I chatted with Muench last week at the Senior Bowl in Mobile, Alabama, where he said he was impressed by what he saw from the 6-foot-5, 308-pound Collins during the week of practices while Collins took turns playing left tackle, right tackle and left guard.
Scherff (6-5, 320) elected not to play in the Senior Bowl. He is projected slightly higher than Collins on most draft boards right now – often in the top 10 overall.
Muench said he has Scherff graded slightly higher right now as a guard prospect – though he believes Collins has a better chance to play right tackle in the NFL than Scherff if that’s what teams are looking for.
“I still really like Collins and thought he had a good week, but Scherff is a little more consistent with more explosive power. Both players should be good, though,” said Muench, who described Collins as a “mean run blocker” and said his only knock on him during Senior Bowl week was a few technique issues, like opening up a little too much with his feet during 1-on-1 pass-rush drills.
“Outside of the technique, I think he’s a really good player. He’s got a lot of talent. He’s got good hands, good feet, good balance. He doesn’t overreact to things in pass pro, lets it develop, stays in front of guys,” Muench said. “And then you don’t see it as much here [at Senior Bowl practices] because guys don’t fire off like they do on game film, obviously. But he’s a mean run blocker on tape, who’s got the power to move guys off, in addition to having enough athletic ability to seal guys, seal a defensive end, get up to the second level, cover up linebackers.”
Scherff was a first-team All-American and Collins a second-teamer in 2014, according to the Associated Press. But Collins, a Baton Rouge native, seems to have helped his draft stock by deciding to return for his senior season at LSU, where he won the Jacobs Blocking Trophy as the SEC’s top blocker and was named as the Tigers’ Most Valuable Player.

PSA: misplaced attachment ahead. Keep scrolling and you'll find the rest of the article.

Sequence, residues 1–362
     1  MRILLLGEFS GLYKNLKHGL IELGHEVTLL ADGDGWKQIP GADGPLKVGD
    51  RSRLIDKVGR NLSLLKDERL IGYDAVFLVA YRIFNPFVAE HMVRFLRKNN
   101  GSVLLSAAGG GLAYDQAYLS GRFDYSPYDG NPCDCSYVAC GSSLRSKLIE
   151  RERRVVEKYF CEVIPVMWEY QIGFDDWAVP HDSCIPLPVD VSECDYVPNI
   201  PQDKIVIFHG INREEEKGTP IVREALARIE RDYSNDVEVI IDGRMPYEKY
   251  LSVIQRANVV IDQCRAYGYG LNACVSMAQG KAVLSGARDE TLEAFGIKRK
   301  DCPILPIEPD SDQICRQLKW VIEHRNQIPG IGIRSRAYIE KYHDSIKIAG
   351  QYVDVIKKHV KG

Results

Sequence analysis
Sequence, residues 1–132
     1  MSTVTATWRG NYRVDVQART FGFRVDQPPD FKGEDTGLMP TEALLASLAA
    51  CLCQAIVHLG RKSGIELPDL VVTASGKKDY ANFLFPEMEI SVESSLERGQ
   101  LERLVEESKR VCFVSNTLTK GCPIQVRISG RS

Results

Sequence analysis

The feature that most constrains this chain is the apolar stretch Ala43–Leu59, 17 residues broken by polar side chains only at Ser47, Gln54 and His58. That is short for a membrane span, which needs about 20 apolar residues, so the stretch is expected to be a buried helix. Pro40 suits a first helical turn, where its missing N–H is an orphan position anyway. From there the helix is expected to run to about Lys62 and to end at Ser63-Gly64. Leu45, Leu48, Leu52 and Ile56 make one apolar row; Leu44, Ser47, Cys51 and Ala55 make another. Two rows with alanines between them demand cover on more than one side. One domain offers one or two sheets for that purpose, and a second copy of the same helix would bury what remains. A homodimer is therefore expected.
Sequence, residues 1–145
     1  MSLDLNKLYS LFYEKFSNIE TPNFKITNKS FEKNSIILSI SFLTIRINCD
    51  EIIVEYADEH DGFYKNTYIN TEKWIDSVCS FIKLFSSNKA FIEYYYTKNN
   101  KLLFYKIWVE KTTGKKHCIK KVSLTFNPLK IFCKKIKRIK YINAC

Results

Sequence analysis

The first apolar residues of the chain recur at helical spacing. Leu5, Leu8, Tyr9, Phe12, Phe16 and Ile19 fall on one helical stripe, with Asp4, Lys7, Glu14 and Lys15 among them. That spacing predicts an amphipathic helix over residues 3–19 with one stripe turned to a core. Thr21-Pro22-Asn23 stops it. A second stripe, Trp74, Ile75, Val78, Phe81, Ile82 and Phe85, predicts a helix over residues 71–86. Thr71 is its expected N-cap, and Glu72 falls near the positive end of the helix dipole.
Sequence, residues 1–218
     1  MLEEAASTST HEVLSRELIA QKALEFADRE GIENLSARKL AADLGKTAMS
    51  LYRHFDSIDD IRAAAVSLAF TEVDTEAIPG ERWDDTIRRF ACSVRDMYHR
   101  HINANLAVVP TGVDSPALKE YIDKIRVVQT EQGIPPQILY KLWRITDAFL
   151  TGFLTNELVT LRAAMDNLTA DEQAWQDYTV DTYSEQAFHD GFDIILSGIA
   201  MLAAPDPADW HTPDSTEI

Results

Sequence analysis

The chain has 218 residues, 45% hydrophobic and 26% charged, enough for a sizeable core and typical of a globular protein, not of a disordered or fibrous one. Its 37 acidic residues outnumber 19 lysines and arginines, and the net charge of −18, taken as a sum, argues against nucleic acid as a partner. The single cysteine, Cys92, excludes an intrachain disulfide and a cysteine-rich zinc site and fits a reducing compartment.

Collins said between practices last week that it doesn’t matter to him whether he plays tackle or guard in the NFL.
“I’m comfortable playing anywhere on the offensive line,” Collins said. “You’ve just gotta be ready to fit in wherever you need to be. So a guy like me, I feel like I can play inside and outside.”
When asked why he played in the Senior Bowl despite being projected as a top-20 draft prospect, Collins said, “Because I’m a competitor, and I look to get better. This is another chance for me to elevate my game, with NFL scouts out here. Who wouldn’t want to be here? …
“Why would you pass up on chance to work with great coaches and play against great competition?”
Collins said it would be great to play for the Saints, just an hour away from home, but he stressed, “Anyone that wants to give me an opportunity, I’ll definitely be there with open arms and that will be my new home.”
Brees told The MMQB’s Greg Bedard that his 14th NFL season was “my most frustrating” after the Saints’ high expectations resulted in a 7-9 dud. Once again, Brees hinted at the intangibles that sunk the Saints – like when he has talked previously about a lack of maturity and a need to get back to some of the things the Saints built their program on.